In the West Indies, Hindus observed Holi by burning Holika on the full moon night of Phalgun and celebrate Holi the next two days.  Hindus pour  coloured waterr and powder on any one, rich or poor.  There is no restriction on the day of Holi.  They also visit homes to play Phagwah, exchange sweets and good wishes.

Holi means sacrifice.  The burning symbolises the burning the impurities of the mind such as egoism, anger, greed lust and the like by  the fire of devotion and spiritual knowledge .  In the spirit of Holi one should ignite cosmic love, mercy generosoty, truthfulness and purity through the fire of Yogic practicee.                                                                                                                                                                                                                                                                                                                                          

Indian Indentureship was from1838 to 1917.   Most contracts were for five years and were renewable, or workers could return home to India. They came from various castes and from various parts of India. However, as they made the long journey in sailing ships, many close relationships were formed.  Strangers became welded in a close fraternity, which went deeper than Jahaji (shipmates).   It was so deep that the son of one shipmate could not marry the daughter of another. There was another brotherly commitment when, in a ceremony called Rakhi, a young lady ties a sacred cord round the wrist of a young man, binding him with brotherly love and protection.    There could be no marriage between the two.

I have given you an account of the working conditions of my grandparents, their religion and customs.   It is not the purpose of this story to delve deeper into their character, but we know that from so stark and forbidding an environment, within a few decades our forefathers were able through thrift, frugality and personal sacrifice to amass wealth, educate their children who became doctors, lawyers, big businessmen, entrepreneurs, rice farmers and millers.  They have now become the backbone of the economy which was based on sugar rice, and agricultural crops.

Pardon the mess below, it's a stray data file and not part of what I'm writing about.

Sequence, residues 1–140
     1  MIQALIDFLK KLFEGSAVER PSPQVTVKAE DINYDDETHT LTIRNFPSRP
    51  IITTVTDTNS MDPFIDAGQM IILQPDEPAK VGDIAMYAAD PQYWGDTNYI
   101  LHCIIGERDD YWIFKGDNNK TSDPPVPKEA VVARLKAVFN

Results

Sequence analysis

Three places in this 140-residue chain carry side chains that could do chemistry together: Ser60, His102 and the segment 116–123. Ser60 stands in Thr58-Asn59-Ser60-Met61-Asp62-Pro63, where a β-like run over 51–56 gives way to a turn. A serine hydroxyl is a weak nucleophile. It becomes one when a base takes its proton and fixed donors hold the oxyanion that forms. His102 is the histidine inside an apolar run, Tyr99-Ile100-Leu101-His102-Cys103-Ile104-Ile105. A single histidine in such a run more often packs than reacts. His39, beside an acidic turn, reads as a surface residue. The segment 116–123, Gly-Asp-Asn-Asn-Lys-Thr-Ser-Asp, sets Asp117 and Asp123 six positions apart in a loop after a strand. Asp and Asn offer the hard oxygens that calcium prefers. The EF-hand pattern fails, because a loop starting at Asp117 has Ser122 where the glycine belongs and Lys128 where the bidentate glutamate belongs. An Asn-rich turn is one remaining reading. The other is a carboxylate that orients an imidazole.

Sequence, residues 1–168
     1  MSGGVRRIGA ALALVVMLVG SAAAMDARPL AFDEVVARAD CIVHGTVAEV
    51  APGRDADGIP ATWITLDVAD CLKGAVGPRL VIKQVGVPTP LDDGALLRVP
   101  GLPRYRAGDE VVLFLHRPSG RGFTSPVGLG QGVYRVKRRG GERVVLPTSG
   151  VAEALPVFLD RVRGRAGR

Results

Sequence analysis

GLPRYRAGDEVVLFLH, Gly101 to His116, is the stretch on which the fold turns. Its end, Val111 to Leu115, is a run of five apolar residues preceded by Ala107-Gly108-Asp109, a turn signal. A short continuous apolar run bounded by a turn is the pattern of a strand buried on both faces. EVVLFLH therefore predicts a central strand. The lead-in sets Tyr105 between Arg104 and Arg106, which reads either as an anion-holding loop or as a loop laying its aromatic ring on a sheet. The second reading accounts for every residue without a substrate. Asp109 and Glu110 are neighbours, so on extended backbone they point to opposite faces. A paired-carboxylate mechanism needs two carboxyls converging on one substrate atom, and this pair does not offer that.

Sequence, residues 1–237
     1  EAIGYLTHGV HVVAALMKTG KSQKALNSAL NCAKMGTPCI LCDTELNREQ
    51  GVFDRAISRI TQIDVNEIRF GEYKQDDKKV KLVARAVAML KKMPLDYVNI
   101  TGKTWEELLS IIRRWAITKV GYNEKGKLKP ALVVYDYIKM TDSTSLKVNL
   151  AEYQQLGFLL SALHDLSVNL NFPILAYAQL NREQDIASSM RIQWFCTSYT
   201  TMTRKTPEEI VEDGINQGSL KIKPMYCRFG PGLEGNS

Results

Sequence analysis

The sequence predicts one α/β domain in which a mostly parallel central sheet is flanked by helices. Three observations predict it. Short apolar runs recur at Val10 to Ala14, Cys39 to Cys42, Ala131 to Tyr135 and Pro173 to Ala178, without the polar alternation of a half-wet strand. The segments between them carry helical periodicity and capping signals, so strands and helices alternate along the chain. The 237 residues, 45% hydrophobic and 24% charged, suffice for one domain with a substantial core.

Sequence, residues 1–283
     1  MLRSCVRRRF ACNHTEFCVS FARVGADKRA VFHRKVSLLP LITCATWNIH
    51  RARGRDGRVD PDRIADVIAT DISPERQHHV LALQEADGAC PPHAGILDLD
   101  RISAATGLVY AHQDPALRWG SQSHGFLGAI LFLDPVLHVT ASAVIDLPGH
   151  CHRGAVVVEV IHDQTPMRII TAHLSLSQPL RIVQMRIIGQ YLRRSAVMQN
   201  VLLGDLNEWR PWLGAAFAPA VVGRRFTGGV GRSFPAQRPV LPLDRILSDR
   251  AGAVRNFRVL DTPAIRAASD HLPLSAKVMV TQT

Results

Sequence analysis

After Indentureship many of the Indians left the estate and went to live in the villages, bought by and established by the freed Africans, starting in 1840.   About two hundred came to live at Buxton, among them, my grandparents.   My father was born in Buxton, and my mother in the neighbouring estate, Annandale. The Indians had little means and could not have afforded the luxury of wooden houses.   They were given lands on the uninhabited coastal border, north of the village, for which they paid an annual rental.   My parents moved there around 1915, and paid one dollar for a year’s rental. There, they built their houses of mud, which were roofed with straw, raised their children and prepared for the future.

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5 Comments »

  1. Thakur Hergash said,

    Dear Mr. Butisingh:

    Did the tying of Rakhi come with the indentured workers or was it adopted later?

    I know the Indian movie “Choti Bahen” made it popular around the late 1950s or early 1960s.

    • randallbutisingh said,

      Thakur, I believe it was a custom that obtained in India, because I read it where a Rani tied it in the wrist of a rival Raja and bound him to protect her. Th immigrants brought the custom here.

  2. Abhijit said,

    Rakhi or Rakshabandhan is still a traditional festival in India. It is true that it started with a rani tying the Rakhi to a rival king , in the state of Rajasthan.
    I thoroughly enjoy reading your blogs. Remarkable chronicle!
    Abhijit Chaudhury from India.

  3. J Manders said,

    Dear Randall Butisingh you Sir are almost 100 years of age. Are you still well and in good health? I know this is the time of the second coming of the Lord and I am hoping you will still be strong on that day. I know this because I have been given information about judgement. Having read scripture I wonder what the damage will be upon this Earth our Eternal Father has given us before that day. I pray for the protection of the innocent who are the ones made to suffer the most. May the blessings of God be with you!